Awakening is a story written in two time frames, proceeding in parallel. I hope that’s not too confusing. It is a story about the importance of self-determination in identity.
This was a very hard story for me to write, being that I spilled a lot of my own darkness into it, and couldn’t do that without probing it deeply. The events in this story are fiction and they are not things that I personally went through, but there is still a lot of me in this, and I know people who have gone through nearly every real-world problem this describes.
A litany of trigger/content warnings:
- stupid politicians
- a shitload of “faith restored” (you’re welcome)
“I won’t go back.”
Stage left (present)
Thousands of chattering fans sat in a stadium just around the corner from where Natsuki stood and tried to push down the butterflies in her tummy. She’d done this many times, at least on a smaller scale, and yet… the butterflies always came. This time, she’d stand in front of a real crowd.
The butterflies careened around inside.
Natsuki looked down at herself, smoothed her outfit straight from a fashion runway. Her black hair reflected the multi-colour lights of the stage, even out of direct view of it.
She felt good. She felt ready. She was born for this, to cheer up anyone who would listen, to brighten their day with cuteness and song.
Brimming with energy and excitement.
She turned to look at her fellow idols of Happybara as if asking, are you ready? They’d been training together for months, for their first big show together. All grins in response.
If someone had told her a couple of years ago that she’d end up being an idol star, she wouldn’t have believed them. No one would have. And yet…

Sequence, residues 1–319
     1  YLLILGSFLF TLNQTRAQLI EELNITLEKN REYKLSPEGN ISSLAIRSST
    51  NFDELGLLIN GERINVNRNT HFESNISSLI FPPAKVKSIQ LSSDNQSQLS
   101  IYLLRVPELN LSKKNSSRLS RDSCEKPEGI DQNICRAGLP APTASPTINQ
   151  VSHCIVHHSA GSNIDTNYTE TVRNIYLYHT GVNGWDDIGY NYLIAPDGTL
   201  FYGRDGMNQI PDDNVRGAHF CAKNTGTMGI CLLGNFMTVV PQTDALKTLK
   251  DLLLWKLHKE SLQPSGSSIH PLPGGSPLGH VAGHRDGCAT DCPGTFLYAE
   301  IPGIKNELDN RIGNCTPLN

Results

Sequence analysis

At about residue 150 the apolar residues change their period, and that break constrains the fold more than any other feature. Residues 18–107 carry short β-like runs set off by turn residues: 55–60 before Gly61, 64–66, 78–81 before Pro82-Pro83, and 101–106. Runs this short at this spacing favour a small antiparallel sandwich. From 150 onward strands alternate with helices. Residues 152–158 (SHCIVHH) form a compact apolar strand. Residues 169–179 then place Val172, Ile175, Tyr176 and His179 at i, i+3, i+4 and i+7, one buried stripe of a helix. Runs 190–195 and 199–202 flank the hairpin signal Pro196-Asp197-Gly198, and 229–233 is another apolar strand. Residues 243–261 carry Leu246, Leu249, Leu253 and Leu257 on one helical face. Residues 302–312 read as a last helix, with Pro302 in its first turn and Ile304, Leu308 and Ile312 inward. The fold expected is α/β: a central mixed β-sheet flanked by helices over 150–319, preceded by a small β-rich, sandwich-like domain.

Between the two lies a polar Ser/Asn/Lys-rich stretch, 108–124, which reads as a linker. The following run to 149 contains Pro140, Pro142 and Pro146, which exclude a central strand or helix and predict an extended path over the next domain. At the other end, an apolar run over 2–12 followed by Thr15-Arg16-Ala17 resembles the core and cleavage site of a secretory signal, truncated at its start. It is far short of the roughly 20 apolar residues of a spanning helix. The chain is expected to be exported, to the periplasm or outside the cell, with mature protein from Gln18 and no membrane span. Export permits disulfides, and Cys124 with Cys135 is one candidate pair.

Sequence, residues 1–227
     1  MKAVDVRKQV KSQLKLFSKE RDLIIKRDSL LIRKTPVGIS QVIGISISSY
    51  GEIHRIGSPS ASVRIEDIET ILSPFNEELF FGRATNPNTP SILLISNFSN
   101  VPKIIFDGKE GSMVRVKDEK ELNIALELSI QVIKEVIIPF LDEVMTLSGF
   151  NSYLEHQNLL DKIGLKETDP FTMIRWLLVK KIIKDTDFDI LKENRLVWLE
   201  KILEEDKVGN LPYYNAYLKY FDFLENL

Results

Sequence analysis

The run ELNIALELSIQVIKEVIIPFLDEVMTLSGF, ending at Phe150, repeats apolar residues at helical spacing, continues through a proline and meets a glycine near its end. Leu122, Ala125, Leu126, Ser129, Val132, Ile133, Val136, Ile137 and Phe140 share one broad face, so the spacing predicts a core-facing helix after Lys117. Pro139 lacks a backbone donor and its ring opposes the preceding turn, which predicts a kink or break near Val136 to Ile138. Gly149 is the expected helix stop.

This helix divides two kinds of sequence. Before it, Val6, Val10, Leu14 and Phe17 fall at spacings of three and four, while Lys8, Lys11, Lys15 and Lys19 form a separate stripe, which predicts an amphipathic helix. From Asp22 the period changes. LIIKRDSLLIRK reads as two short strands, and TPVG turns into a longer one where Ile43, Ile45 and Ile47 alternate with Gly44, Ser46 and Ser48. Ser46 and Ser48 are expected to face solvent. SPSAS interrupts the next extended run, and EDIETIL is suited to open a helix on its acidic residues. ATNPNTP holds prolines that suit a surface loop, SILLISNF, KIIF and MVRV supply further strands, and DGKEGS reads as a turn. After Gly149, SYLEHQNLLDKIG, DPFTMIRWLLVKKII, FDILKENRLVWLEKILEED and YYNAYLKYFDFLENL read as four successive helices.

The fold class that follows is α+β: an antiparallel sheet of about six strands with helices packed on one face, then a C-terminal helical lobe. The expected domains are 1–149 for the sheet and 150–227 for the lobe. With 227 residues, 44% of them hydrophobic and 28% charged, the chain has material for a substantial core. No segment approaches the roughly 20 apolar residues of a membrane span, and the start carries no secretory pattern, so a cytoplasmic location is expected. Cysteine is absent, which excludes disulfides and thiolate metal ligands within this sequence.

Natsuki embraced the butterflies as a personal omen, energy to feed the crowd, grabbed her microphone, and danced out onto the stage to the upbeat music and the screamed cheers of her fans.
Shoe gazing (past)
“You know, you’re going to run into things if you keep doing that.”
My friend Kieran meant well; he did. But he didn’t understand. I could never face others like he or his friends seemed to do as easily as they breathed the air around them.
No one understood.
Not even me.
Kieran knew, there was no need for me to spell it out. He’d heard it from me many times, and he’d eventually stopped pushing, just taking little snipes at me when I stared at my shoes as I walked, as I was doing at that moment. He meant well, but… well, he didn’t understand.
I ignored the nudge from his comment.
“Look,” he started again, sighing. “I’m just worried about you as your friend, that’s all. Be more assertive. Make more friends. Try to fit in with the other kids.”
I snorted dismissively.
“Fine, fine,” he said, holding up his hands in defeat. “I know. You don’t feel like you belong in this world. Nothing makes sense to you. No one makes sense to you. Everything is askew. I… no, I don’t get it, but that’s part of why it’s hard for me to try to help.”
We walked for a while, saying nothing. Eventually, I broke the silence.
“I actually do appreciate it, Kieran,” I said. “But it’s hard to talk with people that way unless I feel like I exist, like there’s something to push against when I take the next step with my foot. I feel like a ghost. A car that is stuck in neutral, revving its engine and slowly rolling backwards down the hill. What’s the point of me, anyway…”
He stopped me then, holding on to my shoulders.
“Hey… hey. Don’t talk like that, my best pal. There’s a place in this world for everyone, even if you haven’t found it yet. Okay?”
Exit stage right (present)
Natsuki stood on the stage, breathing heavily, sweating, she and her teammates raising hands in the air to pump a fist for the fans as they screamed and cheered. She bowed enthusiastically, several times, to different parts of the stadium as the crowd stood up and clapped more, first one, then another, then whole sections.